While it’s wonderful to make new memories and share new experiences with friends, a partner, or family, there’s just something adventurous about travelling alone from time to time. Solo travel can work for anyone, whether or not you’re single, an introvert or an extrovert. However, it is vital to know the ins & outs of staying safe, especially since you are all by yourself. Here are some tips on what to and not to do on your solo trip:

The Do’s: 

  • Plan, plan & plan!
    When traveling solo you want to make sure that you’re always keeping busy. Have a plan A, B, and C just in case. This will be extremely helpful with time management and will keep you busy all day, everyday. The internet is a great source of information for all types of activities and prices.
  • Inform your family & friends
    Ensure that you have a working phone on your trip. Call your service provider before your trip and set up international roaming, or buy a sim card overseas (sometimes, this is the cheaper option). Keep in touch with at least one person and let them know your whereabouts – just in case you’re stuck in a situation that requires help to get out of.
  • Lie
    This may sound strange, but it is okay to lie when travelling alone. Take your time to trust the new friends you’ve made, and do not be too eager to share too much about yourself.
  • Read & write
    If you plan well, it is not likely that you will feel lonely. However, if you do need a break or to have a slow-day, find a nice spot and write about your trip. Pen down details of your favourite restaurant, or if you are in a foreign country, new words that you’ve learnt. If writing’s not your thing, an interesting book can help take you to wonderful places and help the potential feeling of loneliness.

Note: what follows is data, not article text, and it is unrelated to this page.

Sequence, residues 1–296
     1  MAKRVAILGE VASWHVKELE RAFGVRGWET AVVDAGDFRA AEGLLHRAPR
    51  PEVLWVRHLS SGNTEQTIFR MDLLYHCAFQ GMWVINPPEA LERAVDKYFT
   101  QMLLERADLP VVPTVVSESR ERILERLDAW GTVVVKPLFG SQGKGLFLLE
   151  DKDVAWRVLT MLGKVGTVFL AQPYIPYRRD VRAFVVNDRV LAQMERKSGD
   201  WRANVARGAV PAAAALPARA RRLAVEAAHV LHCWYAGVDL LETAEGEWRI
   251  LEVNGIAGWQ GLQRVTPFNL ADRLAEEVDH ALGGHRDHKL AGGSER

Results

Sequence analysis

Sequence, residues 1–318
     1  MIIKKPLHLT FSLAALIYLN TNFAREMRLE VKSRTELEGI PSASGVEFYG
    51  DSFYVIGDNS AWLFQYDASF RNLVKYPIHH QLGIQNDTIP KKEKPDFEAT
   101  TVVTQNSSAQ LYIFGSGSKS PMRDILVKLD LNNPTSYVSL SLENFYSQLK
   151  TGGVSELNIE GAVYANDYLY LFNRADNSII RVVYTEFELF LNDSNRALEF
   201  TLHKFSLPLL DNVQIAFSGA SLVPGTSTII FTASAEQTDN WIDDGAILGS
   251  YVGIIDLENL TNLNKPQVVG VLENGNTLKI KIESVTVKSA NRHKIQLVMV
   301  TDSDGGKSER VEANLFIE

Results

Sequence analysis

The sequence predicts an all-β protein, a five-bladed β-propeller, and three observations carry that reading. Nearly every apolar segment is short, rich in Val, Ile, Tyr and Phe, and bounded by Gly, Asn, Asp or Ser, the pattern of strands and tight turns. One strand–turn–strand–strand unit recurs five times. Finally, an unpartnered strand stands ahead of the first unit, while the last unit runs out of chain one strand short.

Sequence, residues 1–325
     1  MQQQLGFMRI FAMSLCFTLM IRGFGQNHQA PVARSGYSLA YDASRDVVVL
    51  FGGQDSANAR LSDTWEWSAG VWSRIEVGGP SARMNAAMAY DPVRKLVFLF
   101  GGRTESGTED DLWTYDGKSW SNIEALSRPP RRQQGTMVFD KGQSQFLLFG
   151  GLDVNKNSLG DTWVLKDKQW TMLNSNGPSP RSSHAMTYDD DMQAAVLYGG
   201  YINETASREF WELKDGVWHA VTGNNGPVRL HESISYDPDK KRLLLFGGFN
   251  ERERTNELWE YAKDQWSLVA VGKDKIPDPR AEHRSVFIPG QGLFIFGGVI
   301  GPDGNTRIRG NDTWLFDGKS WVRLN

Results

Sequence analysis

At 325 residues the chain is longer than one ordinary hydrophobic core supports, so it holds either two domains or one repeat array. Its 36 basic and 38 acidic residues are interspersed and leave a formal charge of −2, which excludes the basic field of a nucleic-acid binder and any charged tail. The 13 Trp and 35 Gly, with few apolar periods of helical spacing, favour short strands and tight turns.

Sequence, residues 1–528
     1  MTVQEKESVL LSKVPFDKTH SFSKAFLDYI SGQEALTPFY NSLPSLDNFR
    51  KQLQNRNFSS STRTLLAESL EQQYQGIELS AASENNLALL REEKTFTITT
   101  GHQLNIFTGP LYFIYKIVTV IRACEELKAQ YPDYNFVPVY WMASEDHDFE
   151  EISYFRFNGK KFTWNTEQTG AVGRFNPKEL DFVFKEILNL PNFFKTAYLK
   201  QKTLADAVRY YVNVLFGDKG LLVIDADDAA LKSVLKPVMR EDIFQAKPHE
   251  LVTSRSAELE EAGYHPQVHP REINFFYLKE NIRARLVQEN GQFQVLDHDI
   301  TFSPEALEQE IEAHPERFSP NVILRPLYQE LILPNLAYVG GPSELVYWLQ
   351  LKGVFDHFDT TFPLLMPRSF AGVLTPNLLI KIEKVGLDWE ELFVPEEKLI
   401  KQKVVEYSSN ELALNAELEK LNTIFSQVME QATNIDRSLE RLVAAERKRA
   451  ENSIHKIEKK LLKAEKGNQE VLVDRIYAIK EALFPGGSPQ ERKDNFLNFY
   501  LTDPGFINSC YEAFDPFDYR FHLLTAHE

The Dont’s:

  • Don’t get yourself into sticky situations
    You don’t want to put yourself or your belongings in danger, so don’t venture into dodgy neighbourhoods or wander the streets alone at night. Remember to keep an eye on your bags and hold your valuables close to you, especially if you feel yourself drifting off on public transport, as there’ll be nobody to watch them for you.
  • Don’t be ignorant
    Make the effort to research and learn about the common practices & etiquette of the place you’re visiting. What may seem normal to you can be seen as disrespectful in other cultures. Likewise, prep some essential local language skills and know how to ask for things such as directions, and basic needs. Not knowing how to say simple things can put you at an extreme disadvantage when you’re in a foreign country.
  • Don’t exchange money
    It is important to have cash on you at all times for emergency situations, but it is best that you do so before your trip. Exchanging money can be dangerous in other countries. Airports & trusted names such as Western Union charge really high fees for money exchange.